Protecting Surface Waters
The Health of Our Surface Waters
Alachua County Environmental Protection Department (ACEPD) has been monitoring water quality in selected streams and lakes throughout Alachua County since the 1970's. The current monitoring program includes quarterly sampling of over 20 sites for nutrients, fecal coliform bacteria, inorganic indicators, and flow.
Elevated nutrient concentrations are one of the main threats to the surface waters in our urban areas, and are likely caused from fertilizers running off of lawns and effluent from septic systems.
High levels of fecal coliform bacteria are another concern in the urban creeks. Fecal coliform are bacteria that originate in the digestive track of warm blooded animals and are an indicator of fecal pollution. Likely sources of fecal coliform include septic systems, sanitary sewer overflows, pet wastes, illicit discharges, and wildlife. You can read more about our sampling results here.
ACEPD is currently involved with the Florida Department of Environmental Protection's (FDEP) Total Maximum Daily Load (TMDL) implementation for the Orange Creek Basin (OCB). There are nutrient TMDLs for Newnans Lake, Orange Lake, Lake Wauberg, and Alachua Sink on Paynes Prairie. There are Fecal Coliform TMDLs for Hogtown and Tumblin Creeks and Sweetwater Branch, read this fact sheet about these TMDLs. The stakeholders within the basin have developed a Basin Management Action Plan (BMAP) to address these water quality concerns. More information on TMDLs and the BMAP can be found here.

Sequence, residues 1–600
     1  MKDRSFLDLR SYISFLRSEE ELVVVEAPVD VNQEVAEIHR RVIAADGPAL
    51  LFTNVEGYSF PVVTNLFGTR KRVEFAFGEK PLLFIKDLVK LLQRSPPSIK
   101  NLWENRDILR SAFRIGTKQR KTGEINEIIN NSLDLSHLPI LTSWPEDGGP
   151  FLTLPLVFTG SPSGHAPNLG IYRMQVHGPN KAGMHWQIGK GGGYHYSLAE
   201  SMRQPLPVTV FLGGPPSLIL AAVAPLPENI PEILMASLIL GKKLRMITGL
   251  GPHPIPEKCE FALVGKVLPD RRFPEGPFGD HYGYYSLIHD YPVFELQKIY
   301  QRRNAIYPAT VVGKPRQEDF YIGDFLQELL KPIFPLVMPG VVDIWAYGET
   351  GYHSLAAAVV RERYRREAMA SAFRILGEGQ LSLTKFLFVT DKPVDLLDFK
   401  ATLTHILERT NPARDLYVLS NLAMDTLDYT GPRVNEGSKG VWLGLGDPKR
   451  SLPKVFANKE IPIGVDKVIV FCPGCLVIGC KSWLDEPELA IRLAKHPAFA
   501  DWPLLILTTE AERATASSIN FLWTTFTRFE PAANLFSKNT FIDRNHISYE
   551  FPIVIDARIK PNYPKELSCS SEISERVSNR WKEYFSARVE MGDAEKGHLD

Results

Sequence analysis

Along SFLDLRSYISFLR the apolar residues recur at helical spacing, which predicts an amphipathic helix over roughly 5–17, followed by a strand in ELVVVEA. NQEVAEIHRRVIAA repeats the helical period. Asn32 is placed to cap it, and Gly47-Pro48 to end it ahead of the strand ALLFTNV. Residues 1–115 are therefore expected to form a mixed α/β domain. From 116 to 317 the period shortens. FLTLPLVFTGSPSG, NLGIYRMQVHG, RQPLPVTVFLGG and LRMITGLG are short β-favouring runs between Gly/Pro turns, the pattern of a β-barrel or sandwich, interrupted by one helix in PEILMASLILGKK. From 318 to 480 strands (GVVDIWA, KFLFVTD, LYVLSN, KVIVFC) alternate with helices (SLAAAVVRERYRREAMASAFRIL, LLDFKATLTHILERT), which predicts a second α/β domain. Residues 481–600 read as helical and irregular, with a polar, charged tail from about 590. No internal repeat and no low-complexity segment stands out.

Many of the county's surface waters are under threat by exotic and invasive aquatic plant species such as Hydrilla, Water Lettuce, Hyacinth and Wild Taro. However, ACEPD is currently involved in weed control efforts on Bivens Arm Lake to protect native aquatic habitat.
Another way to fight back against exotics is to plant native species. ACEPD has partnered with Current Problems, Inc and IFAS in conducting hands-on workshops where native aquatic plants were used to vegetate stormwater ponds, eroding spring runs, and river banks. It is important to leave a buffer of native vegetation along all waterways because vegetation can filter out pollutants such as nutrients and sediments, provide habitat, and reduce flooding.
Learn more about how you can become involved through the Restore A Shore or Plant A Pond program.
Benefits of Buffers
Learn about the benefits of buffers by reading these publications created by Current Problems, Inc.:
- Living on the Waterfront
- Benefits of Buffers-Ribbons of Life
- Love your Stream
- A Citizens Guide to Stormwater Ponds
- Simple Tips for Waterfront Living
Minimum Flows and Levels
State law requires the Water Management Districts to establish Minimum Flows and Levels (MFLs) for a designated list of springs, rivers, and lakes. The purpose of the MFLs is to provide stronger protection of water and ecological resources by establishing minimum flows and water levels that will prevent significant harm from water withdrawals while also allowing for appropriate consumptive uses.
The Suwannee River Water Management District (SRWMD) has adopted minimum flows and levels for the upper Santa Fe River (above Santa Fe Spring) and released their report titled "Technical Report for MFL Establishment for the Upper Santa Fe River" and the peer review of the document. Approximately 25% of the land area in the Upper Santa Fe River basin is located in Alachua County, with the remainder located mainly in Columbia, Union, and Bradford Counties. SRWMD completed the MFL rule making process for the Upper Santa Fe River in 2007.
SRWMD is now working on the MFLs for the lower Santa Fe River (from Santa Fe Springs downstream to its confluence with the Suwannee River), which includes the Ichetucknee River, the Santa Fe River Rise, Poe Springs, Hornsby Spring, and additional unnamed springs on the river. In September 2012, the SRWMD presented the draft technical report for establishment of MFLs for the lower Santa Fe River system and springs.
Work on MFLs for Santa Fe Lake and Lake Alto are scheduled for 2015 and 2016, respectively. The St Johns River Water Management District (SJRWMD) has not scheduled developing MFLs on the larger lakes in Alachua County (Newnans, Lochloosa and Orange) at this time. MFLs have been set for Lake Tuscawilla and Wauberg.
Want to learn more about MFLs?
Download SJRWMDs Fact Sheet